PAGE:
“Euphoria” Season Two: The Ugly, The Chaos and The Real

Maddy (Alexa Demie) infamously confronts Cassie (Sydney Sweeney) in season two of Euphoria. / Photo via thedailybeast.com

When “Euphoria” was first introduced to us in 2019, we met and explored the lives of eight young teenagers. Within each episode, we saw all of their storylines with distinct issues of the different social problems that young adolescents face in today’s society. This show made a big emphasis on the powerful use of drugs and alcohol abuse, exploring one’s sexual identity, the toxicity of male hyper-masculinity, and showing the hypersexuality that grows tremendously amongst young teens going through puberty. 

The first season focused on Rue’s addiction– portrayed brilliantly by Zendaya– and tailored that as the grounding for the show, but in my opinion, the storyline of Cassie and Maddy is what added the extra glue to the table. Director Sam Levison showcased that even the most beautiful people could be the most broken of them all. As the season progressed, we see Rue on the journey of recovering until she is then triggered by a sense of being left alone, she then relapses and audiences are left with a huge cliffhanger wondering if Rue overdosed or not. Does Jules ever come back? What would Maddy do with the tape of both Jules and Nate’s dad, Cal? 

After three long-awaited years, we finally got a new season which brings us a brand new twist to the recurring storylines of last season. Now be prepared for the possible spoilers, if you have not watched season two yet I truly recommend that you do. 

This season is filled with raw material just like the first one, but it also sparks light into characters that were not spoken about much in season one like Lexi and Fezco. They also bring a new character to the mix named Elliot, not much was really spoken about his storyline this season, but he does play a big part, played by the world-famous singer, Dominik Fike.

Many of us had expectations coming in to see what happens to Rue, yet we don’t really see a lot of Rue’s battle with addiction until towards the end of the season when we got another amazing performance from her on the realism of the point of view of seeing an addict in manic mode. We witness the exchange of words Rue has with her mother, and how addicts’ issues stem from within. Rue exploded towards Jules who decided to tell her mother of Rue’s special stash that she purchased to “sell,” but Rue’s intentions were much darker than what she had planned with that suitcase.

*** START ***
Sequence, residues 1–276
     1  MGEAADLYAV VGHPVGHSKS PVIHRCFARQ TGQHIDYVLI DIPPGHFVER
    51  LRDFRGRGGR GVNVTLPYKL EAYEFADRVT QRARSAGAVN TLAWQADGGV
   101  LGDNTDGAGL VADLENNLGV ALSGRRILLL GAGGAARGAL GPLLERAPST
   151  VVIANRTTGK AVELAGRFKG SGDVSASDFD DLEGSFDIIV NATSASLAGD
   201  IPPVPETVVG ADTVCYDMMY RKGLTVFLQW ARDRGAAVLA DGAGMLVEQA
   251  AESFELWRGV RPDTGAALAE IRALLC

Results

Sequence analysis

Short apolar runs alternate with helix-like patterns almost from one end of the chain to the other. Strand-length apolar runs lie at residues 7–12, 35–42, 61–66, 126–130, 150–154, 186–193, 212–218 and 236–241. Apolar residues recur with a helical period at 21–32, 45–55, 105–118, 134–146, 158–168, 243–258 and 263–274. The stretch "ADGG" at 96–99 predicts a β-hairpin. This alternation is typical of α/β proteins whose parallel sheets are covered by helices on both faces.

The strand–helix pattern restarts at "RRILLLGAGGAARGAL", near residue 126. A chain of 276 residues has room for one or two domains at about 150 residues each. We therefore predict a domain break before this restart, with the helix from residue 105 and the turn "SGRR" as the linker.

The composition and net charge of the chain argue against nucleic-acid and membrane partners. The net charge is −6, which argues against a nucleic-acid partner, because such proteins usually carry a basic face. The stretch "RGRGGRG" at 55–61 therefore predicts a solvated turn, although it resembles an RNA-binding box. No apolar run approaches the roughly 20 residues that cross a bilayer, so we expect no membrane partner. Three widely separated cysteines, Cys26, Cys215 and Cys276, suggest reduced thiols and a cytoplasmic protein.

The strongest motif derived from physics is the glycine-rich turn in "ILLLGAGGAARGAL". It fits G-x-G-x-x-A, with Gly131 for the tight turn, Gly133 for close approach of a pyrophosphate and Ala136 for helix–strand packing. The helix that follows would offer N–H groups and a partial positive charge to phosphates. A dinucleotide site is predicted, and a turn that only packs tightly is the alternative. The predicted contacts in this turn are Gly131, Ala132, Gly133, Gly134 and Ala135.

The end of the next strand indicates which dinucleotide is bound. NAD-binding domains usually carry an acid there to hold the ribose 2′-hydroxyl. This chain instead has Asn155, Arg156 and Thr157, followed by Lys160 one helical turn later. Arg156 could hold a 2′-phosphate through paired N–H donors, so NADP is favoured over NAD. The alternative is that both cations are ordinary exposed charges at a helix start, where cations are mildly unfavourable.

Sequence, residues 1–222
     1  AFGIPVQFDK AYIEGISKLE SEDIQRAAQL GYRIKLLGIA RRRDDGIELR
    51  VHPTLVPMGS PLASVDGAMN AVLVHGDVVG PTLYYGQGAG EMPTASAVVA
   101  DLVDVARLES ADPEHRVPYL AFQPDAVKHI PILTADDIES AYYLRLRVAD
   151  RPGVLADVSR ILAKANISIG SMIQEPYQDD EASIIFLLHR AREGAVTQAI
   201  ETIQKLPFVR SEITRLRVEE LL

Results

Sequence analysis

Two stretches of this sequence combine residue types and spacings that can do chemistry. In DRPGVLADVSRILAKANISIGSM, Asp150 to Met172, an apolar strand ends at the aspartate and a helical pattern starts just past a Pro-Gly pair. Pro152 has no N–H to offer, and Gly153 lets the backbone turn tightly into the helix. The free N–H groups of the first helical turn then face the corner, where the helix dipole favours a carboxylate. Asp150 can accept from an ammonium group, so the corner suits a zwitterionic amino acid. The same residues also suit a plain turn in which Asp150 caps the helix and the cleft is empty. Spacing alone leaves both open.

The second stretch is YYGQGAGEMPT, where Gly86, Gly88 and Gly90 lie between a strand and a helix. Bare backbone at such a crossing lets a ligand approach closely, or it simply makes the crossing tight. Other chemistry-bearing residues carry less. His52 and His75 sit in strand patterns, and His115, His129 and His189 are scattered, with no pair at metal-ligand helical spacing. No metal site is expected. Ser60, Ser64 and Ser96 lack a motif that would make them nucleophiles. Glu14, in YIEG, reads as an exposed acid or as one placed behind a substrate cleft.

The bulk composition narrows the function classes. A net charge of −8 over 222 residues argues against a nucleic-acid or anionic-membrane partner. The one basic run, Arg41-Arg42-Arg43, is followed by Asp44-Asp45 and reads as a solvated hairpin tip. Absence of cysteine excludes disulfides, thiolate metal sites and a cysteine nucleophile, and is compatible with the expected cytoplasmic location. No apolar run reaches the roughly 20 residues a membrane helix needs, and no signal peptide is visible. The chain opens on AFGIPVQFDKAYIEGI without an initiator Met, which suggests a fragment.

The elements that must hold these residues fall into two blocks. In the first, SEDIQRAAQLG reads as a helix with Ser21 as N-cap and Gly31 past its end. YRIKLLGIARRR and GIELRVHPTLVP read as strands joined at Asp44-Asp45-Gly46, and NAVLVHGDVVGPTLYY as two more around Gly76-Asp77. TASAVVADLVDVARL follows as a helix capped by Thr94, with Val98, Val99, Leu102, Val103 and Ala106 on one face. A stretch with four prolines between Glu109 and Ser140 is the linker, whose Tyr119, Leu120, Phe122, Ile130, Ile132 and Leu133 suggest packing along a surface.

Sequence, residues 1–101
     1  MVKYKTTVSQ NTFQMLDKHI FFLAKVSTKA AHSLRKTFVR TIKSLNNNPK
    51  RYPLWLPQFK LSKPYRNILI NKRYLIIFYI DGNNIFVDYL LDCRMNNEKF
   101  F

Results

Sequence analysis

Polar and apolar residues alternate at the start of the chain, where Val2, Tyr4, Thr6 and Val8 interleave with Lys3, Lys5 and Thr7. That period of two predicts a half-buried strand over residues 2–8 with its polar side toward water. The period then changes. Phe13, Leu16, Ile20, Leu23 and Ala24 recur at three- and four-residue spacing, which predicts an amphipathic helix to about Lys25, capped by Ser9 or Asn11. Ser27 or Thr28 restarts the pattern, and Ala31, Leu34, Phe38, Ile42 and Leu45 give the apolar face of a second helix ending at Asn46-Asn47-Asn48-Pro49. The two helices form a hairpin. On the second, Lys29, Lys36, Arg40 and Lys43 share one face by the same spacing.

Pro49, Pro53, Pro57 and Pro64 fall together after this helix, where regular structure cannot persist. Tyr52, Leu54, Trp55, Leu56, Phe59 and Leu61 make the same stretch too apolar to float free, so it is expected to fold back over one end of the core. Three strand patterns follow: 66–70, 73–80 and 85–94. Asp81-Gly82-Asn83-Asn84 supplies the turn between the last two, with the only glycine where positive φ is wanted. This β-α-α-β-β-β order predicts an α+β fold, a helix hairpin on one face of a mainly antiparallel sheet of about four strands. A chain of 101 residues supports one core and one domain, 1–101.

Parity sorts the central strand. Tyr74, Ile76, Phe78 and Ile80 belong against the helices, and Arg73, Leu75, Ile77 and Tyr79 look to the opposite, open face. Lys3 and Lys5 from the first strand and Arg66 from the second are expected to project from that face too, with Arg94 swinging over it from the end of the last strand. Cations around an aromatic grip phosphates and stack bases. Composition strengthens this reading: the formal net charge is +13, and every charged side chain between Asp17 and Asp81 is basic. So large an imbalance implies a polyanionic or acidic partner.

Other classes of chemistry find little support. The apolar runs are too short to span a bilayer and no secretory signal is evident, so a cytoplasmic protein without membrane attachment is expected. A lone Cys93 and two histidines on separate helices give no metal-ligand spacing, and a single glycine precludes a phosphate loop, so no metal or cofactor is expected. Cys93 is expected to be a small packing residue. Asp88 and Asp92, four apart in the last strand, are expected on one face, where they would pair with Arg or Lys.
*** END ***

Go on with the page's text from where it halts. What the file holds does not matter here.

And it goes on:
This season also has a stir of toxic love triangles as well. First, we see the destruction of a friendship in the few episodes of Cassie and Nate hooking up numerous times behind Maddy’s back, while speaking and consulting with Cassie about possibly getting back together with him. We also see the love triangle between Jules, Rue, and newbie Elliot. 

Elliot states in episode one, “I’m not sure it’s a good thing we met,” which in my opinion, is the truth. As much as Eli was a friend, he was also stirring the pot with sneaky hookups with her girlfriend, but also had the sense of realizing Rue was spiraling out of control yet did not have any intentions of getting her out of it until it was too late. 

We could go more into the tea of what occurred during this season, but let’s switch this over to what I personally felt were the highlights of it all. The character development of both Maddy and Lexi was what really caught my eye. Maddy was already a powerful character, but she finally begins to find her true identity as a strong, independent woman. From the style choices you see on her throughout the season, to the standout makeup looks, and also with the advice she was given from her boss during Maddy’s babysitting gig, her character further develops into a stronger version of herself. 

You see a lot of Cassie’s character growth, but it was really sad to see Cassie shatter that growth. Lexi was similar, in the first season she was a timid and shy person before she became more outgoing and spoke her mind (especially with the influence of her new love interest, Fezco). She starts to become one within herself. 

We see the best version of Lexi in the two-part finale, which I personally resonated with. The ending to season two made her character so likable and relatable– because yes! She did spread the business of others, yet she showcased it in a way that they needed to see by showing themselves from the outside looking in.

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